Here are three reasons why 11-year-old Gloson Teh unsubscribes from blogs:
1. The blog updates too fast and he can’t catch up with the posts.
2. The posts drop in quality.
3. The blog changes topics, e.g. from blogging tips to golfing tips.
Those are good reasons–but there’s another: Because it’s time for a change.
I wrote (what some considered) a contentious blog post three months ago about changing my Twitter use and unfollowing everyone.
My Twitter experience couldn’t be more productive, as I’m more focused. I search the public timeline every day for specific keywords relevant to my business; and opt to either 1) reply to the person to get more information or to interject with my thoughts, or 2) retweet to share that value, usually an external link, with you.
When I followed more tweeps than I do now, my incoming stream was noisy. I recognize some are OK with the noise, but I needed a change and felt unfollowing was the best, albeit drastic, way. In retrospect, it was a positive decision.
Fast forward to now
I made a similar decision moments ago, when I chose to delete these 149 blogs from my feed reader. Click the link, and maybe you will see your name. But you know what? Even if your blog is not in the list of those I subscribed to doesn’t mean I didn’t read your blog. Like my Twitter usage, I don’t need to subscribe to a blog to read it, comment on it, and share it.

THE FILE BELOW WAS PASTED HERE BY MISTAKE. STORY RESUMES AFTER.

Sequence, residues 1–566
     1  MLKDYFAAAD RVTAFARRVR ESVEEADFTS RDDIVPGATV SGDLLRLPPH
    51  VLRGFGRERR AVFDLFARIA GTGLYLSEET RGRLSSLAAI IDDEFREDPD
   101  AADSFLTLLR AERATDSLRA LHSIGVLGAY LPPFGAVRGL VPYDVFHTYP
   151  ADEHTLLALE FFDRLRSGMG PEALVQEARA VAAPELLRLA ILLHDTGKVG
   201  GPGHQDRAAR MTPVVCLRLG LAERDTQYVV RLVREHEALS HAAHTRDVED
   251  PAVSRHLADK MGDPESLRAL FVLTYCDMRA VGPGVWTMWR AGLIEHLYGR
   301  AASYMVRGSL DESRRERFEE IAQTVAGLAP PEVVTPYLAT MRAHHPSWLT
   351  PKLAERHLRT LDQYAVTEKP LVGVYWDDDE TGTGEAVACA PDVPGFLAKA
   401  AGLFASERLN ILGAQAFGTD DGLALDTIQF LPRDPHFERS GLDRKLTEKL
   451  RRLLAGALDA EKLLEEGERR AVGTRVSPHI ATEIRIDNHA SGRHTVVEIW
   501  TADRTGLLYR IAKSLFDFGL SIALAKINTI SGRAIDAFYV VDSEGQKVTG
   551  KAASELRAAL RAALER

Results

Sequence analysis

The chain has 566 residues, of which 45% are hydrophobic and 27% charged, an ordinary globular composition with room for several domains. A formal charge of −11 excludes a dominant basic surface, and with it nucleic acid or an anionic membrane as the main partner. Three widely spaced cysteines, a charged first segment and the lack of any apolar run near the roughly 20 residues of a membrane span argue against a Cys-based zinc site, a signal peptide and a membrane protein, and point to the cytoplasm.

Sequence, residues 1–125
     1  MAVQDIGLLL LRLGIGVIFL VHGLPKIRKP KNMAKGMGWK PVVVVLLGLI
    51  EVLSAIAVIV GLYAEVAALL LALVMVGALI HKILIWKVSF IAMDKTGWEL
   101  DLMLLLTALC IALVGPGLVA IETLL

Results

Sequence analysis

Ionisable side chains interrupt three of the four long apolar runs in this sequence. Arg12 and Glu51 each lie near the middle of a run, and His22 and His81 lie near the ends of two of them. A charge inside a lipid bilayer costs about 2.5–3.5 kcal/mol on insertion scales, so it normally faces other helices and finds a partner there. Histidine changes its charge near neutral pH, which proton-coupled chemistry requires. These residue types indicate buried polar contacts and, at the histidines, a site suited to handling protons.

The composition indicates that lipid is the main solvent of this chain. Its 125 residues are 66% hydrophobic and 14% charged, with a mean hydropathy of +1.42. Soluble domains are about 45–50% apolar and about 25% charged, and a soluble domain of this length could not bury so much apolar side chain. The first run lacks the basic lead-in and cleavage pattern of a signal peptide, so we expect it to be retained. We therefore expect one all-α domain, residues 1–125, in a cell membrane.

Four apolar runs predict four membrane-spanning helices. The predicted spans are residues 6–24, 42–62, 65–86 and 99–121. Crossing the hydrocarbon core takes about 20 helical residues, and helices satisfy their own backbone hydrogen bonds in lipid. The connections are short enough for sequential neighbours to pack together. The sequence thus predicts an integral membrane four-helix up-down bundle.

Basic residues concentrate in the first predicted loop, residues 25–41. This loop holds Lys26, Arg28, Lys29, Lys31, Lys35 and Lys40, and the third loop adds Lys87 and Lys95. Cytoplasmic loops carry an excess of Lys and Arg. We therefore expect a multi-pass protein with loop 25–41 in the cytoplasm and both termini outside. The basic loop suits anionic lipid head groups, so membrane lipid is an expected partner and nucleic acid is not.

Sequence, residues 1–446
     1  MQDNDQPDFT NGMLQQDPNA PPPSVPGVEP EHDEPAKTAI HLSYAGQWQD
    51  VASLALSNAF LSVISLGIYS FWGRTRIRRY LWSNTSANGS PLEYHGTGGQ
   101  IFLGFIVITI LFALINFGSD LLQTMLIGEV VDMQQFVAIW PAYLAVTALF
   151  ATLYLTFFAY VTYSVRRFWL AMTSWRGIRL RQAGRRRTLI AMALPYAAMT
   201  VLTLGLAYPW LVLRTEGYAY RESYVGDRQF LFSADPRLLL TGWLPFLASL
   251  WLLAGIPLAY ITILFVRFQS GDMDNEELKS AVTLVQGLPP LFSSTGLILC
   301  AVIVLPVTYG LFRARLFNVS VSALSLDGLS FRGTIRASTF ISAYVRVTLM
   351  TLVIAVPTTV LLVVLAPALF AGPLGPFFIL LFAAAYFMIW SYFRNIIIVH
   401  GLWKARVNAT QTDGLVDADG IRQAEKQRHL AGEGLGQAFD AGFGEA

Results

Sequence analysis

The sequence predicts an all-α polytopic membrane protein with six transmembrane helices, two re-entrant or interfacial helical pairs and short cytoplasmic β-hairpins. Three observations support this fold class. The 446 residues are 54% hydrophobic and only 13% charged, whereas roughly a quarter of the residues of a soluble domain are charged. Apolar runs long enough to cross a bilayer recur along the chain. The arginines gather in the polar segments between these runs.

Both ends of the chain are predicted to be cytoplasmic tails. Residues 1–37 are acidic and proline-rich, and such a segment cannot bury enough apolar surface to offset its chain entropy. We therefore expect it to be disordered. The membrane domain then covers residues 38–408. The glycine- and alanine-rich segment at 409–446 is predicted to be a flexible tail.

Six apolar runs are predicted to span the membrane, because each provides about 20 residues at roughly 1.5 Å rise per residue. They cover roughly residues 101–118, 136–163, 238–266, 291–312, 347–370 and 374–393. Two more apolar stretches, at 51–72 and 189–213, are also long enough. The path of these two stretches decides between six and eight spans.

I reckon the coming days will be a time of transition for me as I determine which blogs I want to subscribe to, and which blogs I’d rather track through other means, e.g. Twitter keywords.
In the end, I have a two-fold goal on both Twitter (and other social networking sites) and through blogs: to increase my productivity and improve my time management, and for me to learn from one of you and share that value with the rest of you.
Thank you for joining me as we explore social media together, learning something new every day and seeing where that knowledge takes us.
UPDATE: Responding to some Twitter chatter, I’d like to say that I am not cutting some people from my RSS subscription list, but cutting everyone. Like my April 2009 strategy to unfollow everyone on Twitter, I opted to reduce the noise in my feed reader. I’ve since followed a number of people on Twitter and I am in the process of following a number of blogs by RSS. Since my Twitter following list was then public information, I felt it polite to share my RSS list. And, yes, some old (and new) blogs are already on it.